AT&T Earnings Expected to Be Better Than Expected
AT&T reports third-quarter earnings Thursday and by most accounts, they should be strong enough, thanks to the sheer size of the company’s footprint and, of course, its exclusive carrier rights to the iPhone. Apple said Monday that it sold more than 7.4 million iPhones in the quarter, half a million more than in same quarter a year ago.
Now, that figure includes sales made abroad, so we don’t yet know how many were sold by AT&T (T), but it’s clear that the number was substantial. In its third quarter last year, AT&T activated 2.4 million iPhones and 40 percent of those were for subscribers who switched from other carriers. So the fact that Apple (AAPL) sold as many iPhones as it did in the company’s most recent quarter, bodes well for the carrier.
As Craig Moffett over at Bernstein Research notes, “It is entirely conceivable that AT&T’s iPhone alone will account for more than 100 percent of the entire industry’s post-paid subscriber growth in the third quarter.”
But therein lies the rub. For while sales of Apple’s handset remain strong, the heavy subsidies it requires have pushed AT&T’s wireless margins down. And the heavy data traffic associated with the handset have led to widespread complaints about AT&T’s network, forcing infrastructure upgrades. Worse, AT&T’s dependence on iPhone exclusivity at a time when Apple is clearly transitioning away from such a model leaves it quite vulnerable.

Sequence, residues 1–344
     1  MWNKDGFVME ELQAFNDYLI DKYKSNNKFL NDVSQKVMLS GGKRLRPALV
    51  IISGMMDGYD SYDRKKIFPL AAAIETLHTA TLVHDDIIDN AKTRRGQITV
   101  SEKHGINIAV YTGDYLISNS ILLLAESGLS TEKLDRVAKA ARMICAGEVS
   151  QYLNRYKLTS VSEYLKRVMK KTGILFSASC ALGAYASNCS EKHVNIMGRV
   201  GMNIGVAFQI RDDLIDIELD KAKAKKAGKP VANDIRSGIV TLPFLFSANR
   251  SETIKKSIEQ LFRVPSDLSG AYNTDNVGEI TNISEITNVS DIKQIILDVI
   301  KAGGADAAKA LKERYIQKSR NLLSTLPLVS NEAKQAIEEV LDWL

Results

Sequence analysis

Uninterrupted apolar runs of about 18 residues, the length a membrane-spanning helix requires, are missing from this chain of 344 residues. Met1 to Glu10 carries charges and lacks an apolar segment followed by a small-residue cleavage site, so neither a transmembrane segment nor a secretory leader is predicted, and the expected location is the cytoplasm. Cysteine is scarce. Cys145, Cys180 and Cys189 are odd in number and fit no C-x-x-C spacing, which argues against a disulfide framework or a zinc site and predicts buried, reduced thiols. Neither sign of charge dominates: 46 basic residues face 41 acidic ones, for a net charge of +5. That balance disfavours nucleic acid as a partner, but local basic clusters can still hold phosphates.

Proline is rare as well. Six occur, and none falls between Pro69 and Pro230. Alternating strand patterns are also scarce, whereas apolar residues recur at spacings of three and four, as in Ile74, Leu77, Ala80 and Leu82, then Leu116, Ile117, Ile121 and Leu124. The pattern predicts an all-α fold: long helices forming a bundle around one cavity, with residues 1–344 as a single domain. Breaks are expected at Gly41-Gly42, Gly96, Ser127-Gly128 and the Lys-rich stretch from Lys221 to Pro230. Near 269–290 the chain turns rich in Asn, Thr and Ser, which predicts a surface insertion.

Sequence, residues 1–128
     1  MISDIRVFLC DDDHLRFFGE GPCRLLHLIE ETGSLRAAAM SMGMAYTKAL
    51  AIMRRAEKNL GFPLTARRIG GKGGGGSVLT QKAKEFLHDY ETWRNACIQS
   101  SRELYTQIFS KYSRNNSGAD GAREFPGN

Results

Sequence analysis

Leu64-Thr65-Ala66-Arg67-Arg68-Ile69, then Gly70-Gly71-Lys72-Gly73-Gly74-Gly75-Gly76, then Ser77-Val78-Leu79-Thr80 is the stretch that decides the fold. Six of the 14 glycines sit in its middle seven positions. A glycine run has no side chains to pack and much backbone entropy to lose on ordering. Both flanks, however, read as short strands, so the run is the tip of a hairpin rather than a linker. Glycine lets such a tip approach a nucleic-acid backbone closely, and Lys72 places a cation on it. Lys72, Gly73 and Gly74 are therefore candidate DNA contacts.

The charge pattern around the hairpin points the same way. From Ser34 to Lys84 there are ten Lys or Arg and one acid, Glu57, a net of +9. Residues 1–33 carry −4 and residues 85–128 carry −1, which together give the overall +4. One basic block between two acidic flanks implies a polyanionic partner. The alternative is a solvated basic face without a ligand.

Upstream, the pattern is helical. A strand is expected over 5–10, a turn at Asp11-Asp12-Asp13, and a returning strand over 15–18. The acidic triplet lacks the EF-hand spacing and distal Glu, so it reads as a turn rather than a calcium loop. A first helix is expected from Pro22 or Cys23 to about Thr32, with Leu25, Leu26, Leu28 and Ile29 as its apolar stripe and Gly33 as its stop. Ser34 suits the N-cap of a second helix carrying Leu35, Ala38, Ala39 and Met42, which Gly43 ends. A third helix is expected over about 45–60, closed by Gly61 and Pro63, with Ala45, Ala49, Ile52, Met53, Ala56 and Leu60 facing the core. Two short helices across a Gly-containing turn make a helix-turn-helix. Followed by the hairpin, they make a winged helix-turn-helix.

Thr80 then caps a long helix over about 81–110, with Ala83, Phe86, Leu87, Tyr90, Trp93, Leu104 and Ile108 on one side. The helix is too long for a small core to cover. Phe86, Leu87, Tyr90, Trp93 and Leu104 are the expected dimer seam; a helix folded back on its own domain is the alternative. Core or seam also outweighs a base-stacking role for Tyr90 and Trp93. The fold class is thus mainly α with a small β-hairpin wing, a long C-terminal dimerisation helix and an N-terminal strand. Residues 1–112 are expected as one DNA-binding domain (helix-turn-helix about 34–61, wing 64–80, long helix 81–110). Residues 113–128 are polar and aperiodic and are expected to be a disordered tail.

“While the strong sales of the iPhone are positive for AT&T in the near term, they increase the company’s reliance on a product for which we do not believe it will be able to maintain exclusivity,” Pali Research analyst Walter Piecyk wrote in a note to clients Tuesday. “We believe more than one third of AT&T’s post paid customer base is tied to an iPhone user and that mix is likely to rise significantly over the next few quarters.”
But not this quarter. This quarter, AT&T is expected to add 1.5 million to 1.7 million net wireless customers, driven by demand for the iPhone 3GS, which was released early on in the quarter. And while another drop in wireline customers is likely to weigh on results, it will be tempered once again by the iPhone. AT&T is expected to earn 50 cents a share, compared to 55 cents in the year-earlier third quarter, according to analysts polled by Thomson Reuters, who see revenue falling to $30.9 billion from $31.3 billion.